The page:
Deep Purple: Syrian Peace Talks Mood-Music in Montreux

Photograph by Baraa Al-Halabia/AFP via Getty Images

Syrian emergency personnel exstinguish a fire at the scene of a reported airstrike by government forces on the central al-Fardous neighborhood in Aleppo on Jan. 21, 2014.

Diplomats have found the perfect soundtrack for the Syria peace talks opening in the Swiss town of Montreux tomorrow: Deep Purple’s “Smoke on the Water.”

The British rock band’s 1971 hit tells the true story of a fire at the Montreux Casino that broke out after someone fired a flare gun inside the casino’s theater. The band members named the song after the smoke they watched spread over Lake Geneva.

The lyrics “perfectly” describe the setting of the talks, said several delegates attending the conference.

Deep Purple’s lead vocalist Ian Gillan sang about how “some stupid with a flare gun burned the place to the ground,” causing “smoke on the water and fire in the sky.”

The diplomats, who said they listened to the song on repeat during their drive to Montreux from Geneva International Airport today, note that the peace conference is about ending a bloody civil war that broke out when Syrian President Bashar al-Assad — the “stupid with a flare gun” — began firing against peaceful protesters demanding his ouster in March 2011.

Like the casino fire, Assad is burning Syria to the ground, they say,d asking not to be identified in characterizing the Syrian leader in this way ahead of sensitive diplomatic discussions. More than 100,000 Syrians died and millions fled their homes over the past three years, creating the worst crisis since the 1994 Rwandan genocide.

United Nations Secretary-General Ban Ki-moon, in partnership with the U.S. and Russia, has been trying for more than a year to bring together the Syrian government and the opposition to discuss a political solution to the conflict. Officials from about 40 countries and organizations will gather at the Fairmont Le Montreux Palace Hotel tomorrow to express their support for the meeting between the two sides on Jan. 24 in Geneva.

While the official agenda for this week’s so-called “Geneva II talks” is to discuss how the warring parties would establish a transitional governing body in Syria, fundamental differences between them and their backers over Assad’s future challenge prospects for tangible progress.

One indicator for the mounting hurdles these negotiations face was Ban’s withdrawal of his invitation for Iran, Assad’s major ally, to come to Montreux. Geneva II almost collapsed yesterday when Iran refused to accept Ban’s precondition for participation in this week’s conference — formal expression of support for a political transition in Syria.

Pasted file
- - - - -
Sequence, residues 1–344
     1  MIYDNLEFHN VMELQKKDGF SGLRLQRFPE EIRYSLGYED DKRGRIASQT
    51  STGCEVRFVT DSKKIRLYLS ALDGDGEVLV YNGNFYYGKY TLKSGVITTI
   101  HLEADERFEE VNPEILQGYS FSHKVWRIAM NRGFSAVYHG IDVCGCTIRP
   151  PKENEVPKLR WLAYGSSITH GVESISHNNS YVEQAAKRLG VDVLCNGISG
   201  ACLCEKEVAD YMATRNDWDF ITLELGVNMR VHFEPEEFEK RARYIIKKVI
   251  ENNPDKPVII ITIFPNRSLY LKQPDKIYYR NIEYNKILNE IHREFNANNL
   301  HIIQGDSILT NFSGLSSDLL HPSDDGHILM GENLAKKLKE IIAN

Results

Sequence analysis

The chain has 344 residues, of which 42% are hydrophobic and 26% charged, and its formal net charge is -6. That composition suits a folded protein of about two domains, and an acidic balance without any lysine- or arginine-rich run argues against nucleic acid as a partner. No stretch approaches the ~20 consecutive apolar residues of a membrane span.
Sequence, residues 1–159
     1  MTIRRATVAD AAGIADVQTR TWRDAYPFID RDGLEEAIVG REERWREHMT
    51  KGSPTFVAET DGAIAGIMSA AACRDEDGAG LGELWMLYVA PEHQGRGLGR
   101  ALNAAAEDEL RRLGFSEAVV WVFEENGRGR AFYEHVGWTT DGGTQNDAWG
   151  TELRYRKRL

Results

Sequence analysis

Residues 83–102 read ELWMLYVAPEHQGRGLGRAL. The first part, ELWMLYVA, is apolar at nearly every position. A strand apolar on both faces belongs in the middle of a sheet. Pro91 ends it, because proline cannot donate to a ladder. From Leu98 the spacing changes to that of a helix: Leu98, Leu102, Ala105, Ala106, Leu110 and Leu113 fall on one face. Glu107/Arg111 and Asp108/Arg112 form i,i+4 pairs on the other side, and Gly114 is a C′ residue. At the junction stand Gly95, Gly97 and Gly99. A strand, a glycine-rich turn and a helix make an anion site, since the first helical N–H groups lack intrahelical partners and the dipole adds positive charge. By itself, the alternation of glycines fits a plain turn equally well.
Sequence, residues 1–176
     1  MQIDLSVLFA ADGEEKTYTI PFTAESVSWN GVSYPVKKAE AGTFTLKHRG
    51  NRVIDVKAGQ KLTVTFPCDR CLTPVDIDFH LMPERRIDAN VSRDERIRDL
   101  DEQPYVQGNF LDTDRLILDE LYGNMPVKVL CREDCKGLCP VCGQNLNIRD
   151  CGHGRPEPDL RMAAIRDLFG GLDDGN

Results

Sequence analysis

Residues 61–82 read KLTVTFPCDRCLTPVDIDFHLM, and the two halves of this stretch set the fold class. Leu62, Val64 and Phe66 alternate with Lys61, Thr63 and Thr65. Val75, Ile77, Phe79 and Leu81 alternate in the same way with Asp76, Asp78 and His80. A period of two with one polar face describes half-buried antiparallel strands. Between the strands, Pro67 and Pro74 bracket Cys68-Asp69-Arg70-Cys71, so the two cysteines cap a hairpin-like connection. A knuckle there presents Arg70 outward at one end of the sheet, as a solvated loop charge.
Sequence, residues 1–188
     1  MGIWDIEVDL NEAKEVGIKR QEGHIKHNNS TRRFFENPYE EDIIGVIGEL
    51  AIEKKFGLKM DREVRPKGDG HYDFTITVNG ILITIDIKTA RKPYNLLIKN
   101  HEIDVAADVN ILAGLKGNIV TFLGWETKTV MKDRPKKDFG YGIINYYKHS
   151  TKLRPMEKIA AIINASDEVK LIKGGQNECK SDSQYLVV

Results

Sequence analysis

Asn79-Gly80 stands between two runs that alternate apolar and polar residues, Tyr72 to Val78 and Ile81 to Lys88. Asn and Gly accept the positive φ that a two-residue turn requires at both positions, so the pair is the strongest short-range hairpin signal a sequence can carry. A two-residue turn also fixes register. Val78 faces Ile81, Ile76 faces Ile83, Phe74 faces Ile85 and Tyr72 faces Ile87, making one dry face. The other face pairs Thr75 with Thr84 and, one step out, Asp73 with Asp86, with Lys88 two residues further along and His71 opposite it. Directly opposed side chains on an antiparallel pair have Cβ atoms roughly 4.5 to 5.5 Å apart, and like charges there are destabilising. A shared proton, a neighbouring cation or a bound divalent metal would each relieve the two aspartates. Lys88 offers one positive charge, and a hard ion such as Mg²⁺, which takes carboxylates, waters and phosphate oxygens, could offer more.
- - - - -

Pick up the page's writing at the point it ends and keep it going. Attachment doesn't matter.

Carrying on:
If Geneva II negotiations drag on, as UN envoy on Syria Lakhdar Brahimi said they may, or collapse, there is no other alternative than to make a second attempt at diplomacy, said one New York-based UN diplomat, who handles Syria policy but is not attending the talks.

The diplomat, who has been listening to “Smoke on the Water” on repeat while writing memos for his government’s delegation to Geneva II, said one of the song’s verses resonate with him the most: “When it all was over, we had to find another place. But Swiss time was running out, it seemed that we would lose the race.

Sing along now:

“We all came out to Montreux

On the Lake Geneva shoreline

To make records with a mobile

We didn’t have much time

But Frank Zappa and the Mothers

Were at the best place around

But some stupid with a flare gun

Burned the place to the ground

Smoke on the water and fire in the sky

Smoke on the water

 

They burned down the gambling house

It died with an awful sound

Funky Claude was running in and out

Pulling kids out the ground

When it all was over

We had to find another place

But Swiss time was running out

It seemed that we would lose the race

Smoke on the water and fire in the sky

Smoke on the water

 

We ended up at the Grand Hotel

It was empty cold and bare

But with the Rolling truck Stones thing just outside,

Making our music there

With a few red lights, a few old beds

We made a place to sweat

No matter what we get out of this

I know I know we’ll never forget.

Smoke on the water and fire in the sky

Smoke on the water”

 

 

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